• Testers: Alpha testing is conducted by the software development team and may involve limited external stakeholders while beta testing is performed by external stakeholders or end-users

We can conclude that the primary differences between alpha and beta testing is their objectives, test environments, and scope. Alpha testing is focused on identifying defects and improving the software product while beta testing is focused on feedback from end-users and identifying any remaining issues.

45. What is static testing?

Static testing is a software testing technique that involves reviewing and analyzing software documentation and code without executing the program. This can include reviewing requirements specifications, design documents, and source code to identify defects, inconsistencies or potential problems. Static testing can be performed manually or using automated tools and is typically used to identify defects early in the development process when they are less expensive to fix.

46. What is dynamic testing?

Dynamic testing is a software testing technique that involves evaluating the behavior and performance of a software application under various conditions by executing it and observing its output.

It involves the actual execution of the software code to verify if the output matches the expected behavior as defined in the test cases. During dynamic testing, software testers design test cases and run them on the software generating actual results that are compared with the expected results.

Our main goal of dynamic testing is to identify and rectify defects or errors in the software code and thus ensure that the application functions as intended. It is a crucial component of software testing and is typically performed after static testing has been completed.

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47. What is configuration management?

Configuration management is the process of managing all the components that make up the software or system including source code, test scripts, third-party software, hardware, data and documentation. It involves careful and thorough management of these items throughout the project and product life cycle.

This has implications for testing as it allows testers to manage their test ware and test results using the same mechanisms. Configuration management also supports the build process and enables us to keep a record of what is being tested making it easier to report and fix defects.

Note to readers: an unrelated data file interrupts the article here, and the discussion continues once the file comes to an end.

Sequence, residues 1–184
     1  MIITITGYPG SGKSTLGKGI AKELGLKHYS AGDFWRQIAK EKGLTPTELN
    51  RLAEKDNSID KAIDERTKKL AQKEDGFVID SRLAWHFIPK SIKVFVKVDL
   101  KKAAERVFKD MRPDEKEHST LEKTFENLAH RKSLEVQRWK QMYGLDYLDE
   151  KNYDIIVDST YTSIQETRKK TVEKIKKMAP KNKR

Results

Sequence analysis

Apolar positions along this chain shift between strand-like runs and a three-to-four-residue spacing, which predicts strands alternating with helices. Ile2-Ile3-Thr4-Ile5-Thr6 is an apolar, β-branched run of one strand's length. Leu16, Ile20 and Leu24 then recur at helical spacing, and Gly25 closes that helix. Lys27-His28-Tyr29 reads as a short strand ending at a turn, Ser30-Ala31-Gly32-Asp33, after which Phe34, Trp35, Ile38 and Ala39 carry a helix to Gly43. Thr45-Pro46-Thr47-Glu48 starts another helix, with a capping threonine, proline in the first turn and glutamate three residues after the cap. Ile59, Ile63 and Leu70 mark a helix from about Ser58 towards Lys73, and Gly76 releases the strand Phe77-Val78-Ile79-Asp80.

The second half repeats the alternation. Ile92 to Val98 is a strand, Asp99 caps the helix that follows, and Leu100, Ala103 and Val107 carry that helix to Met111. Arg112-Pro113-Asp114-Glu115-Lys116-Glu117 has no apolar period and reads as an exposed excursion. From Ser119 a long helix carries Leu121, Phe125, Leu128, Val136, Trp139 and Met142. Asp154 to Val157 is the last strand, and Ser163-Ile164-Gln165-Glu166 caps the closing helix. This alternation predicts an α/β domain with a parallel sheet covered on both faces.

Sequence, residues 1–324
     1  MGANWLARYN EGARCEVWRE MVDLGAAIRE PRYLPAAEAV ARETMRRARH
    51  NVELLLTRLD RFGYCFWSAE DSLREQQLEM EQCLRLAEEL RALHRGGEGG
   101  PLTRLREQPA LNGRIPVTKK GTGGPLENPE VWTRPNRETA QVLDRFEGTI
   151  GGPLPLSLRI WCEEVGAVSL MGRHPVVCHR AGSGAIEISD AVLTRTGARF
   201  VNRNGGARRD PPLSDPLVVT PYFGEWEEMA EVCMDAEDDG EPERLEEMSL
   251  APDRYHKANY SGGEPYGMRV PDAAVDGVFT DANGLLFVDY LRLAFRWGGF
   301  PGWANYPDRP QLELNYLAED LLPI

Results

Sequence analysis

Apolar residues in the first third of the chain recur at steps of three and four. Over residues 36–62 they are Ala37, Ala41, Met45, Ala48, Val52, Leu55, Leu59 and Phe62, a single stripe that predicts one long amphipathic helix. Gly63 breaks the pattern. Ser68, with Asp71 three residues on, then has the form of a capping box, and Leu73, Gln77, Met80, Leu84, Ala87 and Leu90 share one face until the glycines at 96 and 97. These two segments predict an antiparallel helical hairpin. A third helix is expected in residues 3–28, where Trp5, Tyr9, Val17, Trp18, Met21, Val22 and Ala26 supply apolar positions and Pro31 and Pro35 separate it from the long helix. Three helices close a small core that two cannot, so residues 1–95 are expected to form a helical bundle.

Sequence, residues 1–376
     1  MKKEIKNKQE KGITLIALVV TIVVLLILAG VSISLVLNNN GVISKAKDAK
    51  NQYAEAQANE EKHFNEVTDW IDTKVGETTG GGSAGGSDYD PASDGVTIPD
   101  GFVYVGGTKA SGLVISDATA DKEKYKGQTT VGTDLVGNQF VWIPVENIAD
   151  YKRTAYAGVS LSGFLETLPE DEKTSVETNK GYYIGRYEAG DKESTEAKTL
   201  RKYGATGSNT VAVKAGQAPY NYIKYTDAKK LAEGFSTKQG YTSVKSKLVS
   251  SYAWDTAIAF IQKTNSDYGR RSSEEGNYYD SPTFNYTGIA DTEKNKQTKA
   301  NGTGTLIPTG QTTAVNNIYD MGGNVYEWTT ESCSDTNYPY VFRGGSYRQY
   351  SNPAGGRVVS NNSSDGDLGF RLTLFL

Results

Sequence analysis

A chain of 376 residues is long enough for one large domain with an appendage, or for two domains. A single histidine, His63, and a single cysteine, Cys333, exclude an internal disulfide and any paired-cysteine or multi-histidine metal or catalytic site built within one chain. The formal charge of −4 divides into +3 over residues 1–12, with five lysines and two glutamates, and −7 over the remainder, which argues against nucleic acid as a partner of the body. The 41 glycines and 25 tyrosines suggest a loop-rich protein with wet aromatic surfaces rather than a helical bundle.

48. What is a defect report?

A defect report is a formal document that contains a clear and concise description of defects found during the software testing process.

It provides detailed information on:

  • What actions led to the defect?

  • How to reproduce the defect?

  • What should the expected results be?

Quality Assurance teams and end-users are typically responsible for creating defect reports. End-users often report more defects as they tend to use the application in various ways to explore its features. This feedback helps the development team to improve the quality of the software by fixing the defects in a timely manner. Overall, a well-written defect report plays a critical role in the software development process.

49. What is a test script?

In software testing, a test script refers to a set of instructions or commands written in a programming language that is used to perform automated tests on software applications. Test scripts outline the steps to be taken to carry out a specific test scenario including the inputs and expected outputs.

Test scripts can be written in various programming languages such as Java, Python, or Ruby and can be executed by automated testing tools to perform functional or non-functional tests. The purpose of test scripts is to automate repetitive testing tasks, improve testing efficiency and accuracy, and reduce the risk of human error.

Test scripts are often created by software testers or automation engineers as part of the test automation process and they play an essential role in the continuous integration and delivery of software applications.

50. What is a V-model?

V-model is a software development and testing model that emphasizes the relationships between each phase of the development life cycle and its associated testing phase. The V-shape of the model is formed when the left side of the V represents the various stages of the software development process such as requirement gathering, design, coding, and unit testing while the right side represents the testing stages that correspond to each development stage.

Each phase in the development process is associated with a corresponding testing phase, and the V-model emphasizes the importance of testing at each stage of the development process. This approach ensures that defects are caught and fixed early in the development process which can help reduce the cost of fixing defects later on.

The V-model is often used in industries with strict regulatory requirements such as aerospace, defense, and medical devices where the software must meet specific standards and requirements.